Article published: Sunday, September 13th 2015
Around 400 demonstrators joined the national day of action to say “Refugees Welcome Here” in Piccadilly Gardens on Saturday. Two days before Theresa May travels to Brussels for emergency talks on the refugee crisis unfolding in Europe, demonstrators across Britain made sure she will take their message with her: “Say it loud, say it clear, refugees are welcome here!”
The speeches made at the rally organised by Stand Up To Racism all bore the same feeling of urgency: Cameron’s recently proposed 5-year plan to accept 20,000 refugees from Syria was condemned as vastly insufficient. Speakers, such as Abiola Famakinwa from refugee rights group RAPAR, stressed the immediacy of the problem by reminding the crowd of the ongoing conflicts that are the reason for people fleeing their own countries, and a representative from Amnesty International Manchester described the harmful conditions of the refugee camps that so many are currently being kept in.
The gravity of the growing crisis and the inadequacy of the British government’s response seem to be increasingly more evident to the general public as Karen Reissmann of UNISON pointed out in her speech. She said that a change is taking place in the British people’s view of the situation in Europe and a similar demonstration held half a year ago would not have attracted the same numbers of people. She referred to Britain’s own history and the ways the country has benefited from the exploitation of people from other countries and highlighted the hypocrisy of refusing the protection we enjoy to refugees, a product of years of capitalising on migrants coming to work here and wealth produced by slavery overseas during the empire.
Dr Abdul Aziz explained Britain’s role in creating or exacerbating the conflicts in some of the countries that people are now fleeing from through its role in wars. He reinforced Reissmann’s condemnation of the hypocritical stance of our government who turn away from Syrian people escaping danger when they are partly responsible for the instability in the region.
A speaker from Unite Against Fascism Manchester emphasised the power of the public protesting, especially in relation to the counter-protests against far-right political groups such as the EDL. He explained the need to be vigilant in opposing these groups as they not only support stricter border controls but create a hostile environment for migrants already living in Britain.
Daniel Isaac from The Gaskell Garden Project, a community garden space for refugees, stressed the need for long-term action: “Many refugees who already live in Manchester need support networks”, he said. “Campaigning to allow more refugees into Britain is only the first step in offering them a home and after reaching safety comes integration: learning a new language, adjusting to a new culture and finding a new community to be a part of.” The Gaskell Garden Project organises weekly permaculture and artistic workshops for refugees to meet new people and offer support with settling in.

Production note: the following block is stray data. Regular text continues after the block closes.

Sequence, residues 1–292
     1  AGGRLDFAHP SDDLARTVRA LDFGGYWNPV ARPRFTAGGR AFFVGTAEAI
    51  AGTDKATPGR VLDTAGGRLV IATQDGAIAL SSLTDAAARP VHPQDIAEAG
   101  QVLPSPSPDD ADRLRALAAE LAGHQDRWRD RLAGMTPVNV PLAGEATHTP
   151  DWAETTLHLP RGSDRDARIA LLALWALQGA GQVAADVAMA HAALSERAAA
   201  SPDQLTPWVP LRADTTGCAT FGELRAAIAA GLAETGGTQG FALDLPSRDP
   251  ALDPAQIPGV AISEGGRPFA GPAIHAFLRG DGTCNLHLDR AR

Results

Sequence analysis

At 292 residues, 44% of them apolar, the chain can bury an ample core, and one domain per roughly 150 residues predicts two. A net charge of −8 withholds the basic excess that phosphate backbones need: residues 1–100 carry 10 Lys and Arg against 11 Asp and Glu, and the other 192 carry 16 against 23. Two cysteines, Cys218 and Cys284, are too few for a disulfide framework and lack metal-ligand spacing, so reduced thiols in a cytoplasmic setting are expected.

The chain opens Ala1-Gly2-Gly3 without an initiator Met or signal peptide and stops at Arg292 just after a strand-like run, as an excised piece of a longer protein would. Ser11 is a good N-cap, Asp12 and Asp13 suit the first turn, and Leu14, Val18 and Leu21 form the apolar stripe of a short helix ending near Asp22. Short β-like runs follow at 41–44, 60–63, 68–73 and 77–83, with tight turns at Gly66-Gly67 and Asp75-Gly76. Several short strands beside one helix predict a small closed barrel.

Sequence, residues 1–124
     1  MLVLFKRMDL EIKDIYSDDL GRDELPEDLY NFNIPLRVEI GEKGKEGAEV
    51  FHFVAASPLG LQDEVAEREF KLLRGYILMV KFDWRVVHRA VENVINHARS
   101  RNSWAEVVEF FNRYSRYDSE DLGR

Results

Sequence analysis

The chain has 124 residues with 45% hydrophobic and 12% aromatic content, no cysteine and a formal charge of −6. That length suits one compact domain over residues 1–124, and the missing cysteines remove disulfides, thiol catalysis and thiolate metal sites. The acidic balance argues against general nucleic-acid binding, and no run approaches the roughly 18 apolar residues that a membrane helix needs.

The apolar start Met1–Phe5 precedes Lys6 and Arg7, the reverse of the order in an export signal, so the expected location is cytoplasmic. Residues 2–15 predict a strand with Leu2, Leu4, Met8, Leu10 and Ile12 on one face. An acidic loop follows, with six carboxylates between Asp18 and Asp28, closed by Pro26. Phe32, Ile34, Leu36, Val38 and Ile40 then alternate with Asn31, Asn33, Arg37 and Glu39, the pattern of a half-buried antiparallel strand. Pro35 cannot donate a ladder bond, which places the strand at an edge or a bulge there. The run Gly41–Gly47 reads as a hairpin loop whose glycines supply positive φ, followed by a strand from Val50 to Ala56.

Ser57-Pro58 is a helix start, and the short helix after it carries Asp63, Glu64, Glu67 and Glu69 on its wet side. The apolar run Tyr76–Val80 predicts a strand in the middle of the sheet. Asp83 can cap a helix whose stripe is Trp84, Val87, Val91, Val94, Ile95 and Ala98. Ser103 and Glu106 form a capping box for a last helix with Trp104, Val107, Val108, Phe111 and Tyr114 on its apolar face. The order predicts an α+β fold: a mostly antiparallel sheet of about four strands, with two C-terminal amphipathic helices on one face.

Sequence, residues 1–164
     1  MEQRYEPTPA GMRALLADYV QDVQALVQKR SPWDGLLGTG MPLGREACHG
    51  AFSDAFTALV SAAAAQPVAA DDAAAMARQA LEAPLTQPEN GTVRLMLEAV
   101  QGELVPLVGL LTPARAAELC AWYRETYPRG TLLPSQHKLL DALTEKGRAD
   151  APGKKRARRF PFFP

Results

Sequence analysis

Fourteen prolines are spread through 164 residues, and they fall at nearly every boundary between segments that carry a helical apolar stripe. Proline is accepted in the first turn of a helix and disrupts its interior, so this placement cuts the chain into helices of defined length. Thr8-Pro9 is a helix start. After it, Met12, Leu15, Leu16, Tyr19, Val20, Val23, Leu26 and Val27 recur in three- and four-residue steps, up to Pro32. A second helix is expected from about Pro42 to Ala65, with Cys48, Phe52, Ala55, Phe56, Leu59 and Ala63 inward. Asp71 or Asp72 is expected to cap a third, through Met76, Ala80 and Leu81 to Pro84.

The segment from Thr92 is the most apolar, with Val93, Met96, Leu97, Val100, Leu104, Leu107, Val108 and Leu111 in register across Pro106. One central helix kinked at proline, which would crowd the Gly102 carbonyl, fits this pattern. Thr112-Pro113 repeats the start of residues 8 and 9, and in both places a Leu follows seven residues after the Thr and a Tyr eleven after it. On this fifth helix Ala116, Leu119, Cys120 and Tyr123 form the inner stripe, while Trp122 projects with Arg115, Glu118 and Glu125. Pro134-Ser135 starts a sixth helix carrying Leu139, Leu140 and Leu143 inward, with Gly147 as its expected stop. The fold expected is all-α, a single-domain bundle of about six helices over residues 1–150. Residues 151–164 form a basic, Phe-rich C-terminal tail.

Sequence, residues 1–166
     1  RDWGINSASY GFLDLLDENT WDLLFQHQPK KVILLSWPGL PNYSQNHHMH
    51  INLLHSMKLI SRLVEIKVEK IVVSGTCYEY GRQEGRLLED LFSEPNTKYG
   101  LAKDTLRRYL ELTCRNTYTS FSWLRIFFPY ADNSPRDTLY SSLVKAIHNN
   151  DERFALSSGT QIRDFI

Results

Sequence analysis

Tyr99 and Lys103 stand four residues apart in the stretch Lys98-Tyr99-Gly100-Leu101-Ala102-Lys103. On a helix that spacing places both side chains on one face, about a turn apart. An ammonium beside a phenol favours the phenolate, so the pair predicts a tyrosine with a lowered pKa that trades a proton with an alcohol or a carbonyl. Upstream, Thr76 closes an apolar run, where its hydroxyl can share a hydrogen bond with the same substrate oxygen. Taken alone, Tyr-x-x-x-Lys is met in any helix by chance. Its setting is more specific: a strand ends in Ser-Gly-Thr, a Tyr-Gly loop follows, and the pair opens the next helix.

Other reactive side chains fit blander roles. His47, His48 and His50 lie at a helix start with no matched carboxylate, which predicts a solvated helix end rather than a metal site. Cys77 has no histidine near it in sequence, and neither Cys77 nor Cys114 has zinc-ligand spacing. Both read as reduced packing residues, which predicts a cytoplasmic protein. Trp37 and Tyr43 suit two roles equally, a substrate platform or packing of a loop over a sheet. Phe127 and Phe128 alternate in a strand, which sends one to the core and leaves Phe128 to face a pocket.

The inaugural meeting for new group Stand Up to Racism took place after the march. Nahella Ashraf, a local Stand Up to Racism activist, said: “Cameron’s talked about building a wall and about bombing Syria, but the government could have spent that money on housing people.”
The idea that the Conservative government’s policies on both border control and austerity are inextricably linked was echoed by many of the speakers. Reissmann warned that refugees and migrants will be scapegoated by the media in conversations about homelessness and benefit cuts, but that both of these problems were rooted in the government. She said: “It is essential that vulnerable groups are not divided and pitted against one another if positive change is to take place in Britain.” In a show of unity, the marchers paused beside the homeless protest camp and gave a roar of solidarity.
Ashraf, speaking prior to the demonstration, said that since organising the event she has been inundated with messages of support and offers of help. Fellow Stand Up to Racism activist Shirin Hirsch described the response to the protest as “overwhelming”. Stand Up to Racism is a new national organisation to emerge this year from various organisations including Unite Against Fascism, and is opposing UKIP as well as the tabloid media’s treatment of refugee and immigration issues. Hirsch said that she hoped it would be the start of a broad anti-racism movement in the city.
Before the march, a minute’s silence was held by Dr Abdul Aziz, who asked the crowd to hold the memories not only of the more than 2,600 lives lost while trying to cross the Mediterranean, but for all those who have been the innocent victims of political situations, including the victims of the 9/11 terrorist attacks, the anniversary of which had been the previous day.
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